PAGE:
While average UK house prices continue to rise, the true measure of the property market is highly dependent on which source you look at, as well as taking into account regional variations, according to the July 2019 Money Statistics, produced by The Money Charity.
Headline figures on UK house price growth vary widely, with Nationwide reporting an annual increase of 0.5% as of June 2019, Halifax announcing an increase of 5.7%, while HM Land Registry states an increase of 1.1% as of May 2019. With such differing figures, which source gives the most accurate indication of the market?
Each source reports on the same market, however the figures vary due to the differing processes used in producing a price index for an ‘average’ UK house. Properties differ greatly by size, amenities, location, geography and relative value. Variances in timing and number of sales reported should also be considered. Nationwide and Halifax report their mortgage portfolios at the time of mortgage approval, whereas UK Land Registry reports data for all house sales, including those by cash. Overall, the data-set from the UK Land Registry totals around 7-8 times larger, and offers conclusive proof of sales, so seems the most reliable source to track.
Even within the total figures, national and regional variations play a central role. While Land Registry records show London house prices having fallen by 4.4% in the year to May 2019 (following a period of rapid price inflation), prices elsewhere (barring the North-East of England) have continued to rise, fuelling reports of people leaving the capital in search of affordability, or improved value, elsewhere.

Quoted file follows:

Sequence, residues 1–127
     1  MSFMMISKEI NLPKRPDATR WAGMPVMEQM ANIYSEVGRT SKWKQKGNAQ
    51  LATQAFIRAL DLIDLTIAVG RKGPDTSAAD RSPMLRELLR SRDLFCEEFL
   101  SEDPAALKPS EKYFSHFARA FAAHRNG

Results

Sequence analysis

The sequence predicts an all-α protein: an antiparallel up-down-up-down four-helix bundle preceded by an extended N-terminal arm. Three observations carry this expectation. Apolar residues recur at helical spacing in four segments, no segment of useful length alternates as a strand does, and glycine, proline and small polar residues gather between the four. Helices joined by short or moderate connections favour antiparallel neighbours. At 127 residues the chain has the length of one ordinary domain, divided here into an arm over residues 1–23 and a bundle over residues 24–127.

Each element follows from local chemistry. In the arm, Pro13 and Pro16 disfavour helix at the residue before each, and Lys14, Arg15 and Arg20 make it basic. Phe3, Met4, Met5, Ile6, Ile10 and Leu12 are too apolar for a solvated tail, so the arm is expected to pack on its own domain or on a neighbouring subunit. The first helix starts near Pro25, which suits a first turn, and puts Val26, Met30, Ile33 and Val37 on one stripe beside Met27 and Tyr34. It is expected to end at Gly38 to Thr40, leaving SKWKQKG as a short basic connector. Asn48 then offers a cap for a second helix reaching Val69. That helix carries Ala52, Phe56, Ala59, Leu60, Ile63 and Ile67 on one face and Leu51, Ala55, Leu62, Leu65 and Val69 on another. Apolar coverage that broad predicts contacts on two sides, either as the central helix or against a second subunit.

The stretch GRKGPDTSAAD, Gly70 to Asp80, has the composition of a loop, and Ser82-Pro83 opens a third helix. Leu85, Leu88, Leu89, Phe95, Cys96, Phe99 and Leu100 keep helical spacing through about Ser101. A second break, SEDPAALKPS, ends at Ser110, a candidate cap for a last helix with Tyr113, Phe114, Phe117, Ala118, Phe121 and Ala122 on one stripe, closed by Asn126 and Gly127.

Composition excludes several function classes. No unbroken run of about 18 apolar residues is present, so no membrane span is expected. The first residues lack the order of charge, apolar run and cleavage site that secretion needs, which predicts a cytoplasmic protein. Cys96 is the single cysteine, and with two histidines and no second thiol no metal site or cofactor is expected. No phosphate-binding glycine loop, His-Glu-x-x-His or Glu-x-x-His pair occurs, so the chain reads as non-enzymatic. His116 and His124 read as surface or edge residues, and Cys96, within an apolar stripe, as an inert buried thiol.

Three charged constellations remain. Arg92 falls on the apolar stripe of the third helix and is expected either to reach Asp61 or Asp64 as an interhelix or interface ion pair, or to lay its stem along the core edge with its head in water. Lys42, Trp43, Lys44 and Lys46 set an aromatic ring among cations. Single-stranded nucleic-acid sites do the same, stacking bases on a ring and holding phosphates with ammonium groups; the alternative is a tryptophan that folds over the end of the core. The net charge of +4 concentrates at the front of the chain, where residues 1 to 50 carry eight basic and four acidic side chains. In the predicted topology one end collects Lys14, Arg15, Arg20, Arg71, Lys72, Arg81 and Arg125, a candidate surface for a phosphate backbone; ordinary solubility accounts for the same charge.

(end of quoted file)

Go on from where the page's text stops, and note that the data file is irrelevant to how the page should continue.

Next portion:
Although the average London house price is around 3.4 times more than in Northern Ireland, it is there which has seen the greatest annual change in prices of 3.5%, followed by the North-West of England with 3.4% and Wales with 3%. The lowest figures are found in London and the North East of England, with average falls in price, followed by the East Midlands with a 0.4% annual increase.
Erik Porter, Acting Chief Executive of The Money Charity says:
“For most people, buying a house will be the largest financial decision they make in their lives, from choosing and getting a mortgage, investing hard-earned savings, and planning and budgeting for both regular and unanticipated costs, repairs or improvements. It’s a significant commitment with multiple factors and issues to be considered.
“Throughout our work, we want to help people achieve financial wellbeing so they are free to enjoy their life and spend less time worrying about money. That’s why we help people to take in the full picture of any financial decision, by enabling them to develop the skills, knowledge, attitudes and behaviours needed so they can discern the right financial decisions for themselves and their family.”
Other striking numbers from the July Money Statistics:
- The average interest rate on cash ISA was 0.80% in May 2019. (P12.)
- The average credit card Interest rate was 19.99% in June 2019. (P14.)
- The Consumer Price Index increased by 2% in the year to June 2019. (P15.)
Get the full picture and many more fascinating facts about money in the UK in our monthly Money Statistics.
Notes to Editors
- The Money Charity is the UK’s financial capability charity. We believe that being on top of your money means you are more in control of your life, your finances and your debts, reducing stress and hardship, and that being on top of your money increases your wellbeing, helps you achieve your goals and live a happier more positive life as a result. Our vision is for everyone to be on top of their money as a part of everyday life. We empower people across the UK to build the skills, knowledge, attitudes and behaviours, to make the most of their money throughout their lives. Find out more at https://themoneycharity.org.uk/
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